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EL BATAN, Mexico (CIMMYT) – Leading nutritionist Julie Miller Jones aims to bust myths about biotechnology
U.S. nutritionist Julie Miller Jones
by educating the general population on the benefits she believes genetically engineered (GE) crops can play in ending extreme hunger and malnutrition.
A shift away from the perception that GE crops are unsafe for the environment and human health is needed if they are to live up to their potential to increase food production and improve nutrition to meet the needs of growing global population, said Miller Jones who will speak at a conference to mark the 50th anniversary of the International Maize and Wheat Improvement Center (CIMMYT) in September.
A recent report released by the U.S. National Academies of Sciences, Engineering and Medicine said there is no substantiated evidence that foods from GE crops are less safe than foods from non-GE crops. Miller Jones said the general public must be educated about how biotechnology can safely improve food crops and contribute to nourishing a global population projected to grow by more than 2 billion by 2050 to more than 9.7 billion.
GE technologies enable the insertion from one species to another of genetic material (DNA) responsible, for example, for the production of vitamin precursors, such as pro-vitamin A carotenoids. Specific genes from maize, daffodil or carrot, placed in a staple grain, can help address vitamin A shortages in many regions, said the nutritionist. Conventional breeding does not have this ability to insert desirable genes from one species to another, and GE technologies can therefore enhance the contribution of plant breeding in addressing significant public health problems, she said.
Miller Jones has followed wheat-breeding developments over the years. She is a big fan of Norman Borlaug, the late CIMMYT wheat breeder and 1970 Nobel Peace Prize laureate known as the Father of the Green Revolution for the high-yielding wheat varieties he produced, which are credited with saving more than a billion lives in the developing world.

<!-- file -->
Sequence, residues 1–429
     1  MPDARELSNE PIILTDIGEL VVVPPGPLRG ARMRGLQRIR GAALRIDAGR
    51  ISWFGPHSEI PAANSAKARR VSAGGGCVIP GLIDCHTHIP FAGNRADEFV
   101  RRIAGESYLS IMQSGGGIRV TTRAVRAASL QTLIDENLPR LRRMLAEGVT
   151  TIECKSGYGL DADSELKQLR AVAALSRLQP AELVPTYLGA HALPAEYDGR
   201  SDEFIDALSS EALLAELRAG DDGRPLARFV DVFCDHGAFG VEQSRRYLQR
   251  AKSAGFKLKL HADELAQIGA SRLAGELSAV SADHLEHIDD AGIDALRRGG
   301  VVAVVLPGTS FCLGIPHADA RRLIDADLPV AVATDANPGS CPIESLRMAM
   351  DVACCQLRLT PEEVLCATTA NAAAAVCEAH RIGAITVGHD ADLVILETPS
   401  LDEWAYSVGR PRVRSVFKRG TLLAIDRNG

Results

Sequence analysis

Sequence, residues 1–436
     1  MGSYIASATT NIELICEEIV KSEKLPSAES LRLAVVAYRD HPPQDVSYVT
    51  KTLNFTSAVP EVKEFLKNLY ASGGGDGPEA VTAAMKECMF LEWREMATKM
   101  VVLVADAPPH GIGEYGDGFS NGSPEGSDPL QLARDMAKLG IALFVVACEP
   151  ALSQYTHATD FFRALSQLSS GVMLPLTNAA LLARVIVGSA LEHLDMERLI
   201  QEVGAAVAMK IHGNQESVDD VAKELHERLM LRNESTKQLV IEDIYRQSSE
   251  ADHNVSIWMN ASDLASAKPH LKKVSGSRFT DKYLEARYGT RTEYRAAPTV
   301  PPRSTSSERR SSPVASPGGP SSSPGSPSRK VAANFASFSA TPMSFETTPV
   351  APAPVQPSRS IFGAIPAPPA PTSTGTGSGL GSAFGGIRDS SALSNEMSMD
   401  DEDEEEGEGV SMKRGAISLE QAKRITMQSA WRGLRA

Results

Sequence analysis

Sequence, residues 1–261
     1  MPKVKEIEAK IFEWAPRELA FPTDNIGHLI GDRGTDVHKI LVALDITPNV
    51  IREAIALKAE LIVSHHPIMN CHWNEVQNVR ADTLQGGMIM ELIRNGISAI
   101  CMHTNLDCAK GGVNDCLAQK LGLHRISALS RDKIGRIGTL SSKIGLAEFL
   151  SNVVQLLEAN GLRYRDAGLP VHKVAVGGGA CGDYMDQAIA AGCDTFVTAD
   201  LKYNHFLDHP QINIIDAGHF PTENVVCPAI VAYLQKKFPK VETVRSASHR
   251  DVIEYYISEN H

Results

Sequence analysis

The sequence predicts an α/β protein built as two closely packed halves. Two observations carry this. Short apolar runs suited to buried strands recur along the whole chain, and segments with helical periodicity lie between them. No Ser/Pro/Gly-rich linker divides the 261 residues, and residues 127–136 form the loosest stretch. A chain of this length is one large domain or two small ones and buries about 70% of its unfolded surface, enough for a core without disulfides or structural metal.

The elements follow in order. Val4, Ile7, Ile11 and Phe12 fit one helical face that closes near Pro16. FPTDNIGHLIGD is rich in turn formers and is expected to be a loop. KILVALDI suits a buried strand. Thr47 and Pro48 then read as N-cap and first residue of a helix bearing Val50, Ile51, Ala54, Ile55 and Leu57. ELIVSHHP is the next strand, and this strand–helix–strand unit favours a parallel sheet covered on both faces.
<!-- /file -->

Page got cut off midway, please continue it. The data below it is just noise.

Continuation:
Miller Jones is outspoken about the negative consequences of gluten-free diets and has written several research papers that dispel myths generated by claims that the protein found in wheat is unhealthy.
She is a certified nutrition specialist who is also a distinguished scholar and professor emeritus of nutrition of nutrition at St. Catherine University in St. Paul, Minnesota. Interested in all aspects of nutrition science, she is actively involved in educating consumers against myths about nutrition and food safety. Currently, she is a scientific advisor to a number of groups such as the Healthy Grains Institute and the Grains Food Foundation that promote healthy diets and educates consumers on the benefits the right balance of grain-based foods.
Jones, who will speak during Session Five on “Future Landscapes” at the CIMMYT 50th anniversary conference on Sept. 29, 2016, shared some insights on the future of agriculture in the following interview.
Q: What is significant about CIMMYT: What role has CIMMYT played in your area of work?
CIMMYT and Norman Borlaug have always been inspirations to me ever since I began my graduate work at the University of Minnesota nearly 50 years ago. I’m interested in nutrition and feeding the world, I taught students about the Green Revolution and the achievements of Borlaug and CIMMYT in the world food supply section of my class on current issues throughout my entire academic career.
Q: What are the key challenges the world faces?
Producing enough food and communicating about the risks and benefits of anything we do. Communicating that there are risks to using GE crops, but these are assessed on a case-by-case basis.. What hasn’t been communicated effectively, so that the average person can understand and not fear the technology, is the risk of not using GE and other agricultural advancements. It’s ironic to me that those claiming to be interested in the environment often reject technologies that enable the use of fewer inputs and scarce resources and they do it in the name of the environment. All must communicate this in a non-defensive, clear way.
Q: How does your area of specialization address these challenges?
As a nutritionist and communicator, I want to work with breeders to ensure that nutrients are one of the aspects that are included in breeding programs. Further, I want to work with others to develop effective strategies to explain advancements in agriculture and plant breeding to reduce consumers’ fears and ease their acceptance and adoption.